How To Keep Hot Tub From Freezing During Power Outage

Power outages can occur at any time, for any reason. The biggest concern is when it happens during snow storms which is usually followed by freezing temperatures. During that time, many people worry about the potential damage it can do to their hot tub since it can be a costly repair. So, how to keep hot tub from freezing during power outage?

In case of a power outage, you can adjust your spa to keep it warm for long time by doing the following:

  1. Cover the hot tub cover
  2. Get a hinge seal
  3. Place a small ceramic heater in the hot tub
  4. Check the water temperature every few hours
  5. Add hot water to the spa
  6. Use Hot Stones

Still, there are a few more things that you should be careful about. You will still need to check your hot tub every day and measure the water temperature.

Bonus reading

Are You Comfortable Winterizing Your Hot Tub?

Most people do this once a year so it is easy to miss important steps. For example, if you forget to check all the places where your hot tub system could hold some water that can turn into ice, that can break your hot tub and you will be surprised to not be able to start it in springtime. Follow this list to make sure you are not missing anything.

Will a Hot Tub Freeze Overnight 

If your home lost power while your hot tub was running, then you might be wondering if your hot tub could simply freeze overnight and sustain long-term damages because of that.

So, will your hot tub freeze overnight? Your hot tub cannot freeze overnight. On average, it would take more than 7 days before your hot tub can start freezing.

There are many things you can do in order to help your hot tub maintain the water temperature.

Can Other Hot Tub Parts Freeze Overnight

Your hot tub consists of multiple parts. Most of them get in touch with water. This means that each of them are at risk of freezing during power outages and extremely low temperatures.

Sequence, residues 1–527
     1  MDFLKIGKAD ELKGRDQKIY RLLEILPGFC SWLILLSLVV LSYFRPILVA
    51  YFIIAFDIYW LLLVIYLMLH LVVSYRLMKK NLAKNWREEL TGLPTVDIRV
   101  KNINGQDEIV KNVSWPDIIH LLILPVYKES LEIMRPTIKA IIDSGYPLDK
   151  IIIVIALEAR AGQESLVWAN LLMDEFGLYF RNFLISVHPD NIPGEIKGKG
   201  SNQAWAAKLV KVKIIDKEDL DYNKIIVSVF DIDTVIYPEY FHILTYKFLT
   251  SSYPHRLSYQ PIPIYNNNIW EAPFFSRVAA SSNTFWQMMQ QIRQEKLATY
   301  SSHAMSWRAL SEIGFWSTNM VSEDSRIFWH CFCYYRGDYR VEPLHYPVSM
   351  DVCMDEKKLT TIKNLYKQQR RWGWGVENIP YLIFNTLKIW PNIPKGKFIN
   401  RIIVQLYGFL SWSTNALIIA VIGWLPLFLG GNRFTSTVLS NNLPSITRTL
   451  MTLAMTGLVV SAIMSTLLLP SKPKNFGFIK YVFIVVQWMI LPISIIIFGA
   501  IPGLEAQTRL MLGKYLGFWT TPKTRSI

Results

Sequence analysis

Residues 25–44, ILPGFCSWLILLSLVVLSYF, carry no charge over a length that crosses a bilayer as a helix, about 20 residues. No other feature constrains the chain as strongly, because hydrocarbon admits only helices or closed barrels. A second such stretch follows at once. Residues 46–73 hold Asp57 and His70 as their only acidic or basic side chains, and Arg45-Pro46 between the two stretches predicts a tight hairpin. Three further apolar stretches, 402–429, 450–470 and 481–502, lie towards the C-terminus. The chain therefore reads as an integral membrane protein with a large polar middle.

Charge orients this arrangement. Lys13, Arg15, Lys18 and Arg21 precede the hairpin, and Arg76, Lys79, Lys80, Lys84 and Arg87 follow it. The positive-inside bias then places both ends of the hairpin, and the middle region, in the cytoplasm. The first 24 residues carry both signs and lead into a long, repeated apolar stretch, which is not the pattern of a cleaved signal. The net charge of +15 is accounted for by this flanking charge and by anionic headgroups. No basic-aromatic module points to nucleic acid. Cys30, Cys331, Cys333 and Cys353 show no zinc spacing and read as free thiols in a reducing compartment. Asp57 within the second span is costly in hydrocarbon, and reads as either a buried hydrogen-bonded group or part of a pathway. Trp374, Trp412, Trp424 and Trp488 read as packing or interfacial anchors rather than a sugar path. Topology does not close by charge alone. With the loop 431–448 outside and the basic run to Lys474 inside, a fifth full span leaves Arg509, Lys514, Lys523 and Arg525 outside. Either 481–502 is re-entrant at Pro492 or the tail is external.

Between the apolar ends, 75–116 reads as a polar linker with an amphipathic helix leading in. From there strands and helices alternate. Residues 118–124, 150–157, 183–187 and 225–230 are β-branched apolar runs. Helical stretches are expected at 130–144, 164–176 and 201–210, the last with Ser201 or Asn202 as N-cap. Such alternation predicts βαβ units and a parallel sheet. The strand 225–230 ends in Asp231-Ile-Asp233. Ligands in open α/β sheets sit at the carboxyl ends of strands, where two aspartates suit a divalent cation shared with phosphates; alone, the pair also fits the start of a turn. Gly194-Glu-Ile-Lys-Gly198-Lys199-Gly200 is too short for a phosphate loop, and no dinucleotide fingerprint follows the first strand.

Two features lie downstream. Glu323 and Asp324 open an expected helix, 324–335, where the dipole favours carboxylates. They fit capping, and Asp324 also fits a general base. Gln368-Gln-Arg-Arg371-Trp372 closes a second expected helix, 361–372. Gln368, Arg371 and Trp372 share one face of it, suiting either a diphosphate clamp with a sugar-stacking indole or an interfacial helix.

So, can other hot tub parts freeze overnight? Other hot tub parts can freeze overnight. Typically, the most vulnerable spot for freezing is the equipment compartment due to being less insulated.

The reason for this is that the motors and equipment can breathe and run cooler. This is actually even more prevalent on a deck.

Keep in mind, it might be a little challenging to re-start with ice chips in the pump so make sure to look for that. People usually use a hairdryer to thaw things out.

How Long Will a Hot Tub Stay Warm Without Power

There have been many examples I found where people went 25 hours straight without power. In this particular instance, the night before the temperature dropped as low as 11 degrees, while the daytime temperature was in the 20s. 

They did not open the tub cover during the power outage.  After 9 hours of no power to hot tub, they put 3 layers of blankets on top of the hot tub cover and covered the whole tub with a plastic tarp.  

After 25 hours the hot tub water temperature had dropped from 102 to 97.

I was amazed that the hot tub water really suffered 5-degree loss in 25 hours through an 11-degree night. For sure, lots of factors can impact the outcome such as the wind, age of cover, a brand of the tub, but overall, there is no worry of having hot tub water freeze overnight.

Bonus reading

Is Your Hot Tub Costing You More Money Every Month Than You Thought It Would?

People read about other people spending only about $10 a month on their electricity bill for their hot tub and think that their $50 a month is too much. Well, that depends on a few important factors such as your geographic location and other. I did a research on how much people pay for their hot tub every month. You can read about my discovery here.

Do Not Do These Things To Your Hot Tub During a Power Outage

In case you find yourself in the situation of having no power with a hot tub running, make sure you do not do the following:

  1. Do not drain the spa
  2. Do not put flames under the hot tub
  3. Do not pour antifreeze into the spa
  4. Do not stuff blankets or comforters underneath the spa

Let’s look at each of these closely.

  1. Do not drain the spa! Most power outages in winter are resolved pretty quickly, and most hot tubs with any sort of insulation, and a good spa cover can hold heat for at least 24 hours. In case your spa was 90 F when the power went down, it could take a long time for temperatures in the equipment and pipes to cool to near freezing. This is especially true for a hot tub with a tight cabinet and good insulation.
  2. Do not put flames under the hot tub! Very often, the first thought one might have is to place a small fire, or a kerosene heater, or any gas heater under the spa. This can cause a big problem with melted spa parts, soot and carbon monoxide. Instead, keep the cover closed, and lay down heavy woolen blankets over the top if needed to prevent old spa covers from losing heat.